•  Adjustment of the load wheel will allow the load to release and may result in injury. Never release or disengage the brake with a load on the hoist. (Do not turn load wheel counterclockwise with a load on the hoist).


The DURALIFT Hoists are not to be used with materials which may explode, be highly corrosive or

be highly toxic. These uses require fail-safe support equipment which is not supplied with these hoists.

  • Never perform maintenance on hoist when supporting load.
  • Never modify or alter this equipment.
  • Always use DURALIFT replacement parts or DURABILT approved part replacements (see part list: “exploded view” and corresponding part number)
  • Keep hands clear from housing/body of hoist.
  • Do not “side load” when lifting or pulling. Hoist must be centered under top hook for straight in-line loading”.
  • Use only alloy chain and attachments for overhead lifting.
  • Do not use these hoists to lift personnel or loads over people.
  • Be sure personnel keep clear of supported load.
  • The hoist block must never come into contact with the load or support members.



 Read ANSI/ASME B30.16 and ANSI/ASME B30.10.Read the hoist manufacturer’s Operating and Maintenance instructions. Read all labels attached to equipment.




2.1 These specifications cover properties and grades of welded steel chain for industrial and commercial uses produced to accepted commercial tolerances. Special products such as sprocket chain, sprocket wheel chain, etc., are not covered by this specification. For specific applications, the user should consult the manufacturer for recommendations as to size and grade.

Grade 100 Alloy Chain – Premium quality, highest strength alloy chain, heat treated, used in a variety of sling and tie-down applications. For overhead lifting applications, only Alloy Chain should be used.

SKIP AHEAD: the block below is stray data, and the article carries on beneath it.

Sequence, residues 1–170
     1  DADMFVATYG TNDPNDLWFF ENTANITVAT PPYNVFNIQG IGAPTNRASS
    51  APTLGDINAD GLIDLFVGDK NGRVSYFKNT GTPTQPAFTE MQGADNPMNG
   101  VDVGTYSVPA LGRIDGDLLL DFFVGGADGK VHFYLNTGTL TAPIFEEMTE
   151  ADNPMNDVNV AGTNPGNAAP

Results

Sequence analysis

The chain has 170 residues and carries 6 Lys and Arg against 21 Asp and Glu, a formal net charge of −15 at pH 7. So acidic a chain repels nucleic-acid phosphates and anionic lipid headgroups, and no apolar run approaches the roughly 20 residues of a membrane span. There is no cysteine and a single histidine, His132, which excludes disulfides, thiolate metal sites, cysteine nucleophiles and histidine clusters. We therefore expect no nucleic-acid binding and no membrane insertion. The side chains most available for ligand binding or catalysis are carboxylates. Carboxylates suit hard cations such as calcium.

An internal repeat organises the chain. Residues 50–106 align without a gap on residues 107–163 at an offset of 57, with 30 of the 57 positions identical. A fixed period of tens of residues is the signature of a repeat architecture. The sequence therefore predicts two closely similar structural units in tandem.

Grade 80 Alloy Chain – Premium quality, high strength alloy chain, heat treated, used in a variety of sling and tie-down applications. For overhead lifting applications, only Alloy Chain should be used.

Grade 70 Transport Chain – A high quality, high strength carbon steel chain, heat treated, used for load securement.

Not to be used in overhead lifting.

Grade 43 High Test Chain – A carbon steel chain widely used in industry, construction, agricultural and lumbering operations. Not to be used in overhead lifting.

Grade 30 Proof Coil Chain – General purpose, carbon steel chain. Used in a wide range of applications.

Not to be used in overhead lifting.


3.1 Working Load Limit (W.L.L.) – The “Working Load Limit” (rated capacity) is the maximum load that shall be applied in direct tension to an undamaged straight length of chain.

3.2  Proof Test – The “Proof Test” (manufacturing test force) is a term designating the minimum tensile force which has been applied to a chain under a constantly increasing force in direct tension during the manufacturing process. These loads are manufacturing integrity tests and shall not be used as criteria for service and design purposes.

3.3 Minimum Breaking Force – The “Minimum Breaking Force” is the minimum force at which the chain during manufacture has been found by testing to break when a constantly increasing force is applied in direct tension. Breaking force values are not guarantees that all chain segments will endure these loads (see Section 5.2). This test is a manufacturer’s attribute acceptance test and shall not be used as criteria for service and design purposes.

Adopted April 11, 2010

Grade 70 Transport Chain (NACM 96) – Durabilt Grade 70 Transport Chain is recommended for load binding applications, tie-downs, towing and logging operations. The strength to weight ratio exceeds that of Proof Coil (G30) and High Test (G43) chain. Durabilt G70 Chain is manufactured from carbon steel, then heat treated and zinc plated gold chromate for corrosion resistance. Durabilt G70 Chain is manufactured to NACM standards per specifications of the Department of Transportation (DOT) & CCMTA for tie down and transport use. Our G70 Chain has a 4-to-1 design factor and is embossed with G7 indetification. DO NOT USE FOR OVERHEAD LIFTING. DO NOT EXCEED WORK LOAD LIMIT (W.L.L.).

Grade 80 Alloy Lashing Chain (NACM 96) – Durabilt Grade 80 Alloy Lashing Chain is used in overhead lifting applica-tions as well tie down lashing & towing. G80 Chain is manufactured using special alloy steel which is quenched and tempered before proof testing. Durabilt Grade 80 Chain meets the guidelines of the National Association of Chain Manufacturers
(NACM) and ASTM standards. Our G80 Chain has a 4-to-1 design factor as required by the International Standards Orga-nization (ISO). Durabilt G80 Chain is embossed with G8 indetification. APPROVED FOR OVERHEAD LIFTING. DO NOT EXCEED WORK LOAD LIMIT (W.L.L.).
Design Factor is 4-to-1.